Co-Founder and Co-Chair, NTI
Statement from Former Senator Sam Nunn Co-Chairman,
NTI’s Global Health and Security Initiative
Our mission at NTI’s Global Health and Security Initiative is to strengthen global security by reducing the risk of use and preventing the spread of nuclear, chemical, and biological weapons. I view the fight against infectious disease as a security imperative as well as a health imperative.
A health pandemic can kill millions and lead to panic, riots, and economic collapse—all of which can destabilize, cripple or topple governments. I disagree with the premise that it is only a health issue if millions die in an epidemic, but it is only a security issue if millions die in an epidemic triggered by terrorists. The security lies in the effect, not the cause. They are both health issues; they are both security issues.
The recent deaths in Mexico as a result of the influenza outbreak remind us of the importance of speedy, crossborder cooperation. The collaboration we are seeing, particularly between Canada, Mexico, the United States and the World Health Organization is the result of pre-planned and intensive cross-border collaboration. This type of cooperation is at the heart of NTI’s Global Health and Security Initiative’s action in developing and promoting regional networks.
NTI’s Global Health and Security Initiative is working around the world to prevent, detect, and respond to biological threats. We believe that the complex threat posed by biological agents challenges traditional ways of thinking about prevention, deterrence, nonproliferation and response. It requires new thinking about how to define and implement enduring solutions.
One fact is in our favor: many of the most effective steps for fighting infectious diseases are also steps needed to protect against bioterrorist attacks. Whether a disease is naturally occurring or intentionally caused, the essential elements of an effective response are to detect the outbreak, diagnose the disease and take the right measures to treat it and contain it – immediately. Our response to a biological outbreak — whether caused by nature or by the deliberate act of man — will depend on our public health doctors, nurses, labs, hospitals and networks — not on our ships or planes or tanks.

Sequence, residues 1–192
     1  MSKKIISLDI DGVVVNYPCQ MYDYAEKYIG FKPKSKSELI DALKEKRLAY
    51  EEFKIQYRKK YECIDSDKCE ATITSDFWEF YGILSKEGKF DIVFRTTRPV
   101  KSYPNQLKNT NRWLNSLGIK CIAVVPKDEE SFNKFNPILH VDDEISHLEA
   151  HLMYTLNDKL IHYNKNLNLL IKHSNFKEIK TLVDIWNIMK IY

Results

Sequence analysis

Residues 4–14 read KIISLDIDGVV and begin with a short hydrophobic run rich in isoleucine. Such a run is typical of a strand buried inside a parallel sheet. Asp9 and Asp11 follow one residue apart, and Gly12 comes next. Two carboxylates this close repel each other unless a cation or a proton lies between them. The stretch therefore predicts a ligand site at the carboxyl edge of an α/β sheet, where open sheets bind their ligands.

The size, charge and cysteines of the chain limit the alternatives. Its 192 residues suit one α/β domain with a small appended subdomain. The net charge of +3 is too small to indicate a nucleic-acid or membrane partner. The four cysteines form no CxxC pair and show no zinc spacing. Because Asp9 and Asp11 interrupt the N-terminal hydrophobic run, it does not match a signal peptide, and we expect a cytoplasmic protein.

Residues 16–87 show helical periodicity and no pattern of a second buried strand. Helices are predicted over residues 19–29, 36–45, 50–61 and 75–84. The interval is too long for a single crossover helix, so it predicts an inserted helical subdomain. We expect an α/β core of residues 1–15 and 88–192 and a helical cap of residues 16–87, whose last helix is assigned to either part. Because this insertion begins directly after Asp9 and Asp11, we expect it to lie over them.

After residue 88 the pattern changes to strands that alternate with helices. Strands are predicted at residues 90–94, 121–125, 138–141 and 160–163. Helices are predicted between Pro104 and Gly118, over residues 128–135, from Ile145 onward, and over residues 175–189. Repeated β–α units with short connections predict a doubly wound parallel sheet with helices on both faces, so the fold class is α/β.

With our partners, we believe we have been effective in the area of regional infectious disease surveillance in some of the most complicated regions in the world, providing leadership particularly in cross border cooperation. This important work continues to be one of our highest priorities, and we hope to take the successes we have had in areas such as the Middle East to other critical regions such as South Asia.
There is also an urgent need to strengthen the standard of infectious disease surveillance globally by connecting and enhancing existing and nascent regional disease surveillance networks, and to work to establish new networks particularly in conflict or low-resource settings. Regional disease surveillance networks are the key building blocks for improved global standards.
In working to achieve this goal, today GHSI is officially launching a process entitled “Connecting Organizations for Regional Disease Surveillance” (CORDS). Like the regional networks that have been established by GHSI and our partners, CORDS will serve as the next building block towards global cooperation and communication on effective disease surveillance.
The objectives of CORDS are focused on human and laboratory capacity building, efficient information and communication technology, and sharing of lessons learned among countries around the world that know the burden of infectious disease. The success of CORDS hinges on effective international cooperation. We must have sustained engagement, innovative ideas and committed partnerships to accomplish these important objectives. Governments, NGOs, academia, and the private sector all have a significant role to play. Through collaboration and innovation, I am confident we will be able to work together for a safer, more secure world.
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